• CanadianSoldier

      We were all a little disappointed that the Army decided to keep the legacy handguards. I think they did it partly as a way to maintain commonality with the Diemaco M203 system, and partly because one of their subcontractors massively increased the cost of the K.A.C. RAS. I think most of us in the combat arms would have preferred to have seen a RAS. The fact is, though, that there aren’t a lot of issued accessories to go around, and using privately-purchased ones isn’t usually welcomed. Most soldiers agree that the TRI-AD is a bad idea, because
      a) it puts weight directly on the barrel, potentially affecting accuracy,
      b) all that weight makes the rifle very front heavy, especially without the bulk of the old stock to balance it out.

    • Nadnerbus

      I personally think they look fine. as long as you can mount 1913 rails strips to them to put a light or a VFG, I think less is more. The more I think about it though, the less I like the tri rail on the gas block. It really would make the rifle front heavy when aiming.

      Drop in rail systems add a not insignificant weight to the rifle. I’m of the opinion that unless they are mission critical, it’s better to leave them at the barracks. Free float is even better, but costs much more.

  • Bob Barker

    Sorry to double post but I mean take a look at the Norwegians have done with the C7/C8. They look like they came right out of the future compared to the Canadian accessorized version.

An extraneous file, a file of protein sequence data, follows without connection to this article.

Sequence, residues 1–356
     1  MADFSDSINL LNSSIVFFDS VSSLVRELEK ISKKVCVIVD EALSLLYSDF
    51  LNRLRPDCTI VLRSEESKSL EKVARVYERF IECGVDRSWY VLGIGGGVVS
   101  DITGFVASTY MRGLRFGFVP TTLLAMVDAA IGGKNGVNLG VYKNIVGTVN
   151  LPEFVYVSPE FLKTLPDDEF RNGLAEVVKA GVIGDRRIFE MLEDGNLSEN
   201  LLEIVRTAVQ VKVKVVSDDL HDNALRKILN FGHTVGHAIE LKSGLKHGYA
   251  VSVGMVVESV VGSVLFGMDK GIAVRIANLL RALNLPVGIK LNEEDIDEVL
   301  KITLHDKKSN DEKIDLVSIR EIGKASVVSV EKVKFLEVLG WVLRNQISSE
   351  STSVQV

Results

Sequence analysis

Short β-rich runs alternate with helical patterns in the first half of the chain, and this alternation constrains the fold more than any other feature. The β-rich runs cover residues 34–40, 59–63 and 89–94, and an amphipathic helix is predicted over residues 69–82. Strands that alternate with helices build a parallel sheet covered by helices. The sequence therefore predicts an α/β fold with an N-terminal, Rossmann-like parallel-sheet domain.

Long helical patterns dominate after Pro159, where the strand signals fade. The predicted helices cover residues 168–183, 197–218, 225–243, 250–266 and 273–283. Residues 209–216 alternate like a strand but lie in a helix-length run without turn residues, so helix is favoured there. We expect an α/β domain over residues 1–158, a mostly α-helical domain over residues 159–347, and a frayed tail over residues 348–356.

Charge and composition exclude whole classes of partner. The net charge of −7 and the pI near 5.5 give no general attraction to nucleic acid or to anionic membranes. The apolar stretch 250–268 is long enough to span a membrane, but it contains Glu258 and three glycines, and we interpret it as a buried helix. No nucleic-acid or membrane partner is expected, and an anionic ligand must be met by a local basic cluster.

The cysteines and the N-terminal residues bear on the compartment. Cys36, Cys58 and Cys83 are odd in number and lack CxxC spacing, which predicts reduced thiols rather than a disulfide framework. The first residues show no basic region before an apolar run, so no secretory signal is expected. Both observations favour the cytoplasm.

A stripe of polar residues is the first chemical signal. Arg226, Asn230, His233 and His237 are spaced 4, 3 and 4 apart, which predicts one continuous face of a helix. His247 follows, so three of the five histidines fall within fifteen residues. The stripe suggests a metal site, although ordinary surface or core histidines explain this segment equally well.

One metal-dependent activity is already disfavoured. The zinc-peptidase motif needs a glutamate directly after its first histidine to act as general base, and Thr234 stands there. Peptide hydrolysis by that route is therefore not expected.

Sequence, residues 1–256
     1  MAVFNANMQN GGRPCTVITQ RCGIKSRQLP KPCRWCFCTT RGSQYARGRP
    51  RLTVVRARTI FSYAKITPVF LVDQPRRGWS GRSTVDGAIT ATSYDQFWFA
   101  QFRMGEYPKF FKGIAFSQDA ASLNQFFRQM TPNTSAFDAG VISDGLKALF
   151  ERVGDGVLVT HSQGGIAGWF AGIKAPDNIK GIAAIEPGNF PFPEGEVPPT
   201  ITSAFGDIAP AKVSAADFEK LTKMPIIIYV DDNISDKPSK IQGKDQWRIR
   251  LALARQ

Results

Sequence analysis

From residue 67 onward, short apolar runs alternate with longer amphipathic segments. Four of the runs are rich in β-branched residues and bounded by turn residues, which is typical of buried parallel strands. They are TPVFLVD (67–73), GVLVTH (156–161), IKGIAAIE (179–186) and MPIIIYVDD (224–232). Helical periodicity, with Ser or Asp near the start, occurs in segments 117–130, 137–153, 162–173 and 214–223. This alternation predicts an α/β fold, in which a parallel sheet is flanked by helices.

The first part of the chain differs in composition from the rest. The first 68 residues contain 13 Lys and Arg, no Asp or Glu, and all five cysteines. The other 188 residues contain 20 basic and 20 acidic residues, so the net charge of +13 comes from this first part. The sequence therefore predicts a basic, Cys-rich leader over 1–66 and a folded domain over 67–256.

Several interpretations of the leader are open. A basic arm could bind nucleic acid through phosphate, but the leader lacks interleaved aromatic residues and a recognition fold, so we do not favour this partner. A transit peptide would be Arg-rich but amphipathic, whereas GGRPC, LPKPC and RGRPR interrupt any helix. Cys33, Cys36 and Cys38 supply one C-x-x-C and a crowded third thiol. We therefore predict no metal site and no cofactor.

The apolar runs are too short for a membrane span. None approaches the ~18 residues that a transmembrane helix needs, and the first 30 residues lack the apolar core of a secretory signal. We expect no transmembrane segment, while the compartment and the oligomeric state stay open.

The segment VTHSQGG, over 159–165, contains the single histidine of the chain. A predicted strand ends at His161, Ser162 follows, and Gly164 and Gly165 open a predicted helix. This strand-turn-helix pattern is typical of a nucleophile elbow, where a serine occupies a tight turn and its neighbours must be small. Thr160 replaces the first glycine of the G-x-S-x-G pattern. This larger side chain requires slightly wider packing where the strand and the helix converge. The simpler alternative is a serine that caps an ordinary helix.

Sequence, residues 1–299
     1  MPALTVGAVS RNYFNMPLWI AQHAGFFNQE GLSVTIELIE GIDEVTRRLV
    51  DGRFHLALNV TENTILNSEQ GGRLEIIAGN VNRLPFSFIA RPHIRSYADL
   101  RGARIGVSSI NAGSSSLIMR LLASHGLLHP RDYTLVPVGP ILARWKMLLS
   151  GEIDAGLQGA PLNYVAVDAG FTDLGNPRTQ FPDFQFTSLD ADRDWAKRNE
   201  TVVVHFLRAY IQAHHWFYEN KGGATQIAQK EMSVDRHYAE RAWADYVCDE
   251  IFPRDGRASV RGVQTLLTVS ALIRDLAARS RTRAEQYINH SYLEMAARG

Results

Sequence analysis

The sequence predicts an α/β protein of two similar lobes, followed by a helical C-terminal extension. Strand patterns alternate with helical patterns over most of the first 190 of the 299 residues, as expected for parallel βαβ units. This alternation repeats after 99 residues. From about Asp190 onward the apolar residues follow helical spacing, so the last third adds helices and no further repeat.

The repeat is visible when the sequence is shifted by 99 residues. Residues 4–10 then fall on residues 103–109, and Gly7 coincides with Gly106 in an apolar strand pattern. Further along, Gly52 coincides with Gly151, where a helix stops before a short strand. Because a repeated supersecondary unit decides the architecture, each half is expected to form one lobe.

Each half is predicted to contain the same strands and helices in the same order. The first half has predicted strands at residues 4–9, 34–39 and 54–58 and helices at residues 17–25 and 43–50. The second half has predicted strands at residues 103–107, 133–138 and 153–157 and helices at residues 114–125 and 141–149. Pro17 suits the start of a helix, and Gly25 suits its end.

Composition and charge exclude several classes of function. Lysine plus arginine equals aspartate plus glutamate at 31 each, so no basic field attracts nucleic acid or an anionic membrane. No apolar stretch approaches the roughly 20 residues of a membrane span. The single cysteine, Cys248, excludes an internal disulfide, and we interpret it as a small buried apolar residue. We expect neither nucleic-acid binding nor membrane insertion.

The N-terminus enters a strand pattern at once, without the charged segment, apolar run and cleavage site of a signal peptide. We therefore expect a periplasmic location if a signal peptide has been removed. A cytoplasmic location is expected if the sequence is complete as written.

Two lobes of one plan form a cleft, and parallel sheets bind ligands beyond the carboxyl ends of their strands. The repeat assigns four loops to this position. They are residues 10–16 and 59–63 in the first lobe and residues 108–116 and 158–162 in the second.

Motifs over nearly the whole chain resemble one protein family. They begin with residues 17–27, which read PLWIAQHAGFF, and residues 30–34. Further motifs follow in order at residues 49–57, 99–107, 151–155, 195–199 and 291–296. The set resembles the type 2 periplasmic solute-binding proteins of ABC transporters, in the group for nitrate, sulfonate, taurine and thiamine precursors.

Example: http://www.thefirearmblog.com/blog/2011/09/27/royal-netherlands-armys-nifty-c7c8-rifles/

    • Carlos Costa

      Sorry, but those are Dutch troops, not Norwegian.

      • Bob Barker

        Sorry, I was having a brainfart since I was debating if I should *also* include that the Norwegians use C8s as well 😉

  • Alf

    As far as I know, the Norwegian army has never had any C7 rifle or C8 carbine in their armed forces in any widespread use. Only some special-forces use them. The bulk of the military uses Heckler & Koch G3 and lately we have begun changing it to the Heckler & Koch HK416.

    • MNOR


      True, although the Diamaco C8 SFW has been standard Issue for all Norwegian SOF-units since the 90’s. The KJK got tired of waiting on the army to choose a new weapon for the entire millitary so they bought in G36KV3’s trough existing contracts with HK.